Here we take our brainstorming seriously! But we also know that a good idea can come from anyone, anywhere and at any time of the day. So, when you are planning your next brainstorm, idea hurricane, brain dump, content create-a-thon — it never hurts to have a few tricks and tips up your sleeve. (Hint: Don’t take them too seriously!) Ready?
We couldn’t resist. But seriously, real work is happening, so, you know, be on time, have a plan, take some notes, and all that good stuff.
As a warm-up exercise, everyone shares something they saw in the last week that they thought was cool and noteworthy (not necessarily relevant to the brainstorm topic).
Whatever will distract you, leave at your desk (i.e. your phone which will probably lead you to scrolling down your Instagram/Facebook feed).
If possible, it’s nice to have a separate area for creative brainstorming, but at the very least, do it away from places where the team takes care of things like accounting and status updates. If it’s nice outside, take a field trip and let some vitamin C help you brainstorm!
Helps with overthinking and over-filtering of ideas.
Everyone takes turns presenting—one idea apiece. No comments are allowed until the entire circle has taken their turn.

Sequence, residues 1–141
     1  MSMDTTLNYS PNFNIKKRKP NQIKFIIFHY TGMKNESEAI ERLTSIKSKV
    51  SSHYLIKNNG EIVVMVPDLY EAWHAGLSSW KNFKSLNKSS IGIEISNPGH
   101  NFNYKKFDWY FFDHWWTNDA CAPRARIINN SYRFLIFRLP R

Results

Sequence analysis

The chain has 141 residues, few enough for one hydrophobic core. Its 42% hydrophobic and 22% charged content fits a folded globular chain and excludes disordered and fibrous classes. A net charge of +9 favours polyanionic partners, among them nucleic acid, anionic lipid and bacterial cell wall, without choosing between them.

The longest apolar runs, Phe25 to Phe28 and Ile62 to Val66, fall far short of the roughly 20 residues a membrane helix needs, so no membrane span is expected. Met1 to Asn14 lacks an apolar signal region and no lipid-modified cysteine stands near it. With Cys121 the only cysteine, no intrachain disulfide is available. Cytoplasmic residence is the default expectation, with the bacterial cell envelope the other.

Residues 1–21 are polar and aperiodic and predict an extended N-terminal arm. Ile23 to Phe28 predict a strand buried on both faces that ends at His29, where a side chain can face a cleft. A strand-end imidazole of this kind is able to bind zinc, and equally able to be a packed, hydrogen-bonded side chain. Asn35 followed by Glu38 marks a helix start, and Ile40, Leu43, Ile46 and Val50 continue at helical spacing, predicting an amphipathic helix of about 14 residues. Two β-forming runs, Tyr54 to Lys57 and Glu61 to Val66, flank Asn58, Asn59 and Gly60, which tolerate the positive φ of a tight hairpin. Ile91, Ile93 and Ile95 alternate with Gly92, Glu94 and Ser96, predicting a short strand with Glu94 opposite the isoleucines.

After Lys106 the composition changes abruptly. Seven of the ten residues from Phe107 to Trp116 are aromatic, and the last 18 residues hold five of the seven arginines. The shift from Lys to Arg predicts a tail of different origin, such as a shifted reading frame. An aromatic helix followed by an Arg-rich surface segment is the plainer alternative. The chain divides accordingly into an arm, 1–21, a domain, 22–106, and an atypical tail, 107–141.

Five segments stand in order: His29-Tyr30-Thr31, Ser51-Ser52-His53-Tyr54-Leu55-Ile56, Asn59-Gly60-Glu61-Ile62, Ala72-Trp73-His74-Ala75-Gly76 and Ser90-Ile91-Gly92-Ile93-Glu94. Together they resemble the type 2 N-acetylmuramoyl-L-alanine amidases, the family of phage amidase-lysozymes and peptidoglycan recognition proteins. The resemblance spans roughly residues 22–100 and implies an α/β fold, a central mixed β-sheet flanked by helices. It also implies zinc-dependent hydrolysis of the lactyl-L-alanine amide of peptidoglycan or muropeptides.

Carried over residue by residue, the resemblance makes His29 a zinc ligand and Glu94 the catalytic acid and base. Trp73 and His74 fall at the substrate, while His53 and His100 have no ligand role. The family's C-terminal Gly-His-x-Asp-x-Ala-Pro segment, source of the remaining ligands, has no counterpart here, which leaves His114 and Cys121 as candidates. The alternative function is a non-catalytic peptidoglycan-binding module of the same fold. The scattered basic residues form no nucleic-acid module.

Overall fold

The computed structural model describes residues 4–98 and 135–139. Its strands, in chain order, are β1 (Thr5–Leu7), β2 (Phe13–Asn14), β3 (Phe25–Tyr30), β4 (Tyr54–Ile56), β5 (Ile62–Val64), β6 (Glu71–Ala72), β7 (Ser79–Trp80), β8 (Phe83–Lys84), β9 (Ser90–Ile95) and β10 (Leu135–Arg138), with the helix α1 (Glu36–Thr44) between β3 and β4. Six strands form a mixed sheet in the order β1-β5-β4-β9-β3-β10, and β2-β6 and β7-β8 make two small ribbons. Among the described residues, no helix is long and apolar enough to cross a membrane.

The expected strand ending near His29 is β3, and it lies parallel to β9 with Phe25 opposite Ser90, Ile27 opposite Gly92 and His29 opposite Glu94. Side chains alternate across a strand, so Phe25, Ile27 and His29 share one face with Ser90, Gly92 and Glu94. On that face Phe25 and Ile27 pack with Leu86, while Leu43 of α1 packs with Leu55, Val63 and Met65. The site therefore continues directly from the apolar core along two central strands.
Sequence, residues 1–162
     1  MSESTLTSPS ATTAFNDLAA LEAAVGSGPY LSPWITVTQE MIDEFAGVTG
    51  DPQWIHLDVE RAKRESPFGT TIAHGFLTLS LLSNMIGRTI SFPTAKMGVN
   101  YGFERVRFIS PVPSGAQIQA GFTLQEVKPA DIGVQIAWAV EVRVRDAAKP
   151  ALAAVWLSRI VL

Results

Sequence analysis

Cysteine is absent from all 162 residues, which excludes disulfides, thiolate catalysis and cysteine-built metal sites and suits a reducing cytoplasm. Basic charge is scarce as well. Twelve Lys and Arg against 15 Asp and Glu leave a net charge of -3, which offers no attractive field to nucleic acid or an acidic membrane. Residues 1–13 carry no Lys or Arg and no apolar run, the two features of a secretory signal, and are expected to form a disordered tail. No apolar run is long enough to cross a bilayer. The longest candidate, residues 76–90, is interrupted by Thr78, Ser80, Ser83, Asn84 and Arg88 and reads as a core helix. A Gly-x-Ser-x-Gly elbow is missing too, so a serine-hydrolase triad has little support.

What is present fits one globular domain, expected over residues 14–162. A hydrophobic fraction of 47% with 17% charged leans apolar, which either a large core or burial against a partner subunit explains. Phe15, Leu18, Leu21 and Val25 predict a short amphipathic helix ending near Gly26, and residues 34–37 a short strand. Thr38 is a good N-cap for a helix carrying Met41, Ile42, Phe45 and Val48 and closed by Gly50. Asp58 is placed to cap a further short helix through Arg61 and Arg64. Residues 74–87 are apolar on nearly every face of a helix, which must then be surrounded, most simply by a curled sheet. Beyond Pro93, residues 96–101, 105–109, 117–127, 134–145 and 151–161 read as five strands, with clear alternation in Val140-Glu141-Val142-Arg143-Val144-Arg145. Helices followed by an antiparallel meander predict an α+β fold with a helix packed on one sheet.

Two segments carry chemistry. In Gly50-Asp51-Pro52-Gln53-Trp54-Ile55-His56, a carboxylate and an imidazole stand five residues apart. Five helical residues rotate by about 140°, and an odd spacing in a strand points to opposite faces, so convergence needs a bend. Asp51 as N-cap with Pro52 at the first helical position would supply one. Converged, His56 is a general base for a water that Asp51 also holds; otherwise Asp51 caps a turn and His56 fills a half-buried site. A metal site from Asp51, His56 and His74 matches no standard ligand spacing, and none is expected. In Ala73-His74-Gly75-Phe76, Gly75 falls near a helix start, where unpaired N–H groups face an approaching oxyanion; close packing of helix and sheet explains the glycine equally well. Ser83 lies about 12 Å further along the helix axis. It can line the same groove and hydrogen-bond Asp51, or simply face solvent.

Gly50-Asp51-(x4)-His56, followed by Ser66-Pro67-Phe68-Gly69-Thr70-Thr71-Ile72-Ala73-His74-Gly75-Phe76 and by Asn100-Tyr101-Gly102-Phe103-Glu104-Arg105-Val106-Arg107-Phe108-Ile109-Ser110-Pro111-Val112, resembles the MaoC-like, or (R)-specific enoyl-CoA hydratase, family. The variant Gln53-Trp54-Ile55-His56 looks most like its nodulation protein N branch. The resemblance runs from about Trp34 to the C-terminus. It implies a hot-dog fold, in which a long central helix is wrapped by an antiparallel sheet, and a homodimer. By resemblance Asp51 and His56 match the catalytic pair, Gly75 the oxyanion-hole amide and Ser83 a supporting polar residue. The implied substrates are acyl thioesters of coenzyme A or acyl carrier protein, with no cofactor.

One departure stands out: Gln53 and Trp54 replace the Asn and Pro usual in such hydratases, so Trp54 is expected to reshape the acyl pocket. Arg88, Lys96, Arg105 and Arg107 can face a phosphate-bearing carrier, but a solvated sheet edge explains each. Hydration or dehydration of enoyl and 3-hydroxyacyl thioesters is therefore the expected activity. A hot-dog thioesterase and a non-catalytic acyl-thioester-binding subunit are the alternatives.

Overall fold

Challenge the group to come up with as many questions about the topic as they can. Start with who, what, when, where, and why.
The topic or idea is shared with the whole group first, then everyone leaves the room except for two people. Those two people discuss their ideas. Then, one person is added, and shares his/her ideas before the first two people repeat their thoughts. Repeat until everyone has rejoined the group.
Put away the laptops and forget about organized outlines. It’s fun, I promise.
Instead of introducing an idea to a group, try emailing people individually to ask for their thoughts and feedback.
Never underestimate the power of things like room temperature, snacks, comfy chairs, and a ‘casual Friday’ wardrobe.
Before attempting to be brilliant, try being terrible. Generate a bunch of bad ideas for 10 minutes at the beginning and see where they go.
Good for design concepts. Write down 20 or 30 adjectives, colors, verbs, and attributes that might apply to your project. Shuffle (leave in separate stacks), pick one from each category, and try to design something meeting those criteria.
Have the team go into detail about what you absolutely want to avoid. What’s the worst possible outcome of a PR campaign? What does a horrible social media campaign look like? What is an example of awful crisis communication and brand reputation incidents? Now do the opposite of that.
Come up with a random hurdle for the project, or a roadblock that forces people to get creative with the asphalt. The goal isn’t to create an unsolvable problem, just to encourage your people to think about it differently. Or, even better, use the obstacles you already know.